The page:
by Tom Bosschaert

May 28, 2013

Tom Bosschaert

Nature strikes back at the Amazon, sleep less while improving your productivity, radioactivity of Fukushima continues to spread, and chemicals you want to avoid (but are somehow still used in children’s toys?). Read it in this freshly formatted Wormfood, now with more pictures than ever. The new format took a little bit of time to prepare, apologies for the delay of this edition. Next edition will be on time, I promise!

Energy & Environment: Nature strikes back

  • Cutting down the Amazon rain forest could significantly reduce the amount of electricity produced from hydropower. A serious problem for Brazil because 29% of its electricity is generated by hydropower (in 2010). Researchers found that if forests continue to be destroyed, the energy produced by one of the world's biggest dams could be cut by a third.

  • Another effect of deforestation in the amazon is the decrease of agricultural yields. Climate feedbacks, usually ignored in studies, impose a reduction in precipitation that would lead agricultural expansion in Amazonia to become self-defeating: the more agriculture expands, the less productive it becomes.

Global News: China's Artic plans

  • China wins observer status in the Arctic Council. Rising temperatures have boosted international interest in the polar region, as melting ice causes transport routes to open up. Also, it makes inaccessible mineral resources easier to exploit. Many countries want to get access to these and through their observer status they can exert influence on decisions made about the Artic. Other countries given permanent observer status were India, Italy, Japan, Singapore and South Korea.

  • Poor nations are deprived of billions in taxes, because half of all foreign investments are chanelled through tax havens. This according to an influential report by the international organisation ActionAid. ActionAid claims that among them are single transactions that could have provided every Indian primary school child with a subsidised meal for a year if it been taxed fully.

Business & Economy: Carbon trading in China

  • China has unveiled details of its first pilot carbon-trading programme, which will begin next month in the southern city of Shenzhen. The trading scheme will cover 638 companies responsible for 38% of the city's total emissions.
  • Europe is failing in the fight against youth unemployment. Youth unemployment will top the agenda of a summit of European leaders in June.
  • Water shortages inhibit China's economic growth. Eight of China’s 28 provinces are as parched as countries in the Middle East such as Jordan and Syria, and Beijing has for the first time issued water quotas to every province. In addition, China’s water resources are just a quarter of the world average.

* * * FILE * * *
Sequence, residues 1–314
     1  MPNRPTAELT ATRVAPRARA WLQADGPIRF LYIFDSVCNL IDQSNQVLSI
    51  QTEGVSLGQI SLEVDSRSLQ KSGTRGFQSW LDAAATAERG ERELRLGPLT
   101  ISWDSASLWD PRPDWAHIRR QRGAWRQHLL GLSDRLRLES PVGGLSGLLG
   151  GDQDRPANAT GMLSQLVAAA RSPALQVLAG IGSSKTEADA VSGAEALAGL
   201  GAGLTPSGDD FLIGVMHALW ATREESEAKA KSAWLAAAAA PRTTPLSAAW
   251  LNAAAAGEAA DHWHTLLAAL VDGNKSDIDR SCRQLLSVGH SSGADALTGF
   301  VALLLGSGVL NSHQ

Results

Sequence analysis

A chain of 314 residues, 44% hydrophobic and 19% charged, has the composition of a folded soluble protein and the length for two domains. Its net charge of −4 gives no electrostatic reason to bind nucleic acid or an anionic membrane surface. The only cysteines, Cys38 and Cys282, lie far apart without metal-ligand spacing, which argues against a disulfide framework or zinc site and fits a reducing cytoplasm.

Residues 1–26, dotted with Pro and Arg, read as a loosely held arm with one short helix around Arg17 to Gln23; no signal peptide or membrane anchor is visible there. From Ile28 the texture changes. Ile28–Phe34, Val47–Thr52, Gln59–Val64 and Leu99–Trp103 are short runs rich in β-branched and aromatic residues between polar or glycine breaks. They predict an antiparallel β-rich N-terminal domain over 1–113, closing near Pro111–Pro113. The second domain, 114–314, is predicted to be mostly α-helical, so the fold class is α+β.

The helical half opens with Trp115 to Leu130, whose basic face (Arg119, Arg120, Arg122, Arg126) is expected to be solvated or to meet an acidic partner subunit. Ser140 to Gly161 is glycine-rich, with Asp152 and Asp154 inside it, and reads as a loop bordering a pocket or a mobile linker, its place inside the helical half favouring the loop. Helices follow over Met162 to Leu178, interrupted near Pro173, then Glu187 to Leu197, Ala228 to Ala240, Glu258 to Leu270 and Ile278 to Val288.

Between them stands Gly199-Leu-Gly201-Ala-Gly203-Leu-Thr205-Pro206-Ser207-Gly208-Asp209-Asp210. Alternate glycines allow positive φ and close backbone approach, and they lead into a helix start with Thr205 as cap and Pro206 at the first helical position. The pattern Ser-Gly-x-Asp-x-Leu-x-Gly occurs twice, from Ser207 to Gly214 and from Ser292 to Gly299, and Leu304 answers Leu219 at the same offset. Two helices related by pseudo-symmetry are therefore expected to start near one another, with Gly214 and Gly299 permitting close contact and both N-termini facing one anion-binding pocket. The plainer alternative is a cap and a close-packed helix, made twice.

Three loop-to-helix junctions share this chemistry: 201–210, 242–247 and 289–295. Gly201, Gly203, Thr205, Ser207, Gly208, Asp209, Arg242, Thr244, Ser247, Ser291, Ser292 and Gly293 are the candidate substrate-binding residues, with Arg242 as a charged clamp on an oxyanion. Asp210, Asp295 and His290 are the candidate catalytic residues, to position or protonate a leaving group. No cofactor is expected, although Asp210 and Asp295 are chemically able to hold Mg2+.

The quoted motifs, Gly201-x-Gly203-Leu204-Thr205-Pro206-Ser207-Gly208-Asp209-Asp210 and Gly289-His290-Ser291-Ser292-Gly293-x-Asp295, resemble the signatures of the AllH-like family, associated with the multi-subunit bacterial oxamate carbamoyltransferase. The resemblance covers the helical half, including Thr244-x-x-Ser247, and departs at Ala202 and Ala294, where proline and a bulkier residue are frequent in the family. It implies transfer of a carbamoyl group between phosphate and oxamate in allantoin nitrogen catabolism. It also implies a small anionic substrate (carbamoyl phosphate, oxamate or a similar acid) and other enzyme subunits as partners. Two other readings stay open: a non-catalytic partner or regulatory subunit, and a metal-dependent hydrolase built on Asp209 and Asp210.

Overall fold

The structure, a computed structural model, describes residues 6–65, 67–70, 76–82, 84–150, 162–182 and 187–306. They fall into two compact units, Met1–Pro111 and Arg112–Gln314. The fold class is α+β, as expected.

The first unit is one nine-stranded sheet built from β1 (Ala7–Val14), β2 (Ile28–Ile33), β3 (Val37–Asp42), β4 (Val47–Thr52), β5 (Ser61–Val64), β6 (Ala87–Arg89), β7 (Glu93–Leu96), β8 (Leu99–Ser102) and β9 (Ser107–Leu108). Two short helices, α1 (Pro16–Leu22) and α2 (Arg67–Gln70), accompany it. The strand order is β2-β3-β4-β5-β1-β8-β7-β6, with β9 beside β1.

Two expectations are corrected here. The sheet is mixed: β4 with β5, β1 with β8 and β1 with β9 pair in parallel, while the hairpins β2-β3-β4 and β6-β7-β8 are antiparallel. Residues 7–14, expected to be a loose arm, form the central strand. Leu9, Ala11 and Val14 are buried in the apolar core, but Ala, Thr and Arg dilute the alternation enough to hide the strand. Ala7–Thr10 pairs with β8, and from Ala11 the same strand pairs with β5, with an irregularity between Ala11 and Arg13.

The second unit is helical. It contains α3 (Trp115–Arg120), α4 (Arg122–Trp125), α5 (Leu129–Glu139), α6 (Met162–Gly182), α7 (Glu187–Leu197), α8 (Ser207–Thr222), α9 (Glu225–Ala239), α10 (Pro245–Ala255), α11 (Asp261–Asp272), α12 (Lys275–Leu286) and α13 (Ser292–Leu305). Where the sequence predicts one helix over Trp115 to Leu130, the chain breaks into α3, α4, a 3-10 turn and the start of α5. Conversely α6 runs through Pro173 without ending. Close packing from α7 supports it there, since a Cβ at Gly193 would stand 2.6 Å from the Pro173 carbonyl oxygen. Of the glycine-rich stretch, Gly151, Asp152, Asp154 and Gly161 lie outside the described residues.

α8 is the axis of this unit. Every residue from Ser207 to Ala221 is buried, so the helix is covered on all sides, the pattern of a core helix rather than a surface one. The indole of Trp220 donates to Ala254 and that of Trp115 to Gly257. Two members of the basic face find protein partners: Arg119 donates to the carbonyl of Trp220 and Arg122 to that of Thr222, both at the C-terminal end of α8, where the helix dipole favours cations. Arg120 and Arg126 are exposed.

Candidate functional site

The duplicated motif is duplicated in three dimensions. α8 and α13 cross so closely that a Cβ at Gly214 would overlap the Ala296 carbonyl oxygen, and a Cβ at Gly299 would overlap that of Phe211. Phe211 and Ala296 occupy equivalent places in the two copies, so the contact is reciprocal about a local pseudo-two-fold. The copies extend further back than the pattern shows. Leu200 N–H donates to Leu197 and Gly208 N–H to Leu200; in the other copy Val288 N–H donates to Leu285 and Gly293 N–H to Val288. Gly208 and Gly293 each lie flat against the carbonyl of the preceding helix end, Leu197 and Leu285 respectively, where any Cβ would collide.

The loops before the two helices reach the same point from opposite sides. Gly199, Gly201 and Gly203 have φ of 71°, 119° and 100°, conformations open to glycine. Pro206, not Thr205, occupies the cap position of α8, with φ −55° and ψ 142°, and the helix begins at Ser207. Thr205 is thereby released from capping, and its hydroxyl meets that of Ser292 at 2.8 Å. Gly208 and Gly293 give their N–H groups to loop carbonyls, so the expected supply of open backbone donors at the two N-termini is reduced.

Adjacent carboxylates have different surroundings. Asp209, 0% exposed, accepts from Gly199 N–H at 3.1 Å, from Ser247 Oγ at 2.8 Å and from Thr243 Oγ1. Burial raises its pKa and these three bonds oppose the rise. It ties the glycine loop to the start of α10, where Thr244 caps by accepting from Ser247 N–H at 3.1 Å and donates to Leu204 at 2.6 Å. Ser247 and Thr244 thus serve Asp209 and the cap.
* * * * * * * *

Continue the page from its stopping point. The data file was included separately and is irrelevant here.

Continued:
Science, Technology, & Design: Chemicals in toys

  • A large study found chemicals of high concern in thousands of children's products. Their exact effect remains uncertain because few of the chemicals have been researched on human exposure.
  • Consumers thanked one of the world's largest producers of personal care products, Johnson & Johnson, for removing many chemicals from its baby products. This decision was heavily influenced by public opinion.
  • Scientists say they have detected radioactive cesium from the Fukushima No. 1 nuclear plant in plankton. According to Minoru Kitamura, a marine ecologist, plankton plays a key role in the dispersion of radioactive cesium because fish eat plankton. Like all radionuclides, exposure to radiation from cesium-137 results in increased risk of cancer

Urban Environment: Dangerous radiation or bad science?

  • Swedish ninth-graders designed a science experiment to test the effect of cellphone radiation on plants. Their findings suggest a negative effect of this radiation on the growth of garden cress. Is it remarkable that these students found this effect or is it just a great example of bad science

Unexpected and Intriguing: Gerbils in space

  • A Russian spacecraft returned to Earth with most of its furry crew dead. "Unfortunately, because of equipment failure, we lost all the gerbils."

  • Lego employees built a life-sized, five-million-brick model of a Rebel X-Wing fighter. 32 people spent 17,000 hours building the 13 meter long (43 ft), 20.856 kg replica — the largest Lego model in the world.
  • Want to try something new? Experiment with these alternative sleep cycles. The result? A much more efficient sleep cycle while experiencing “the most vigorous and alert condition I have ever enjoyed.” 
    • Uberman Cycle: taking 20 to 30 minute naps every 4 hours, resulting in 6 naps each day. 
    • Everyman Cycle: One longer “core” nap that is supplemented with several 20-30 minute naps.
    • Dymaxion Cycle: Sleep for 30 minutes every 6 hours. That’s 2 hours a day of sleep.


This bi-weekly digest is made by assembling items from all of Except’s people. Have questions, comments, or news items to suggest? E-mail Read past Wormfood global news reports here.

May 28, 2013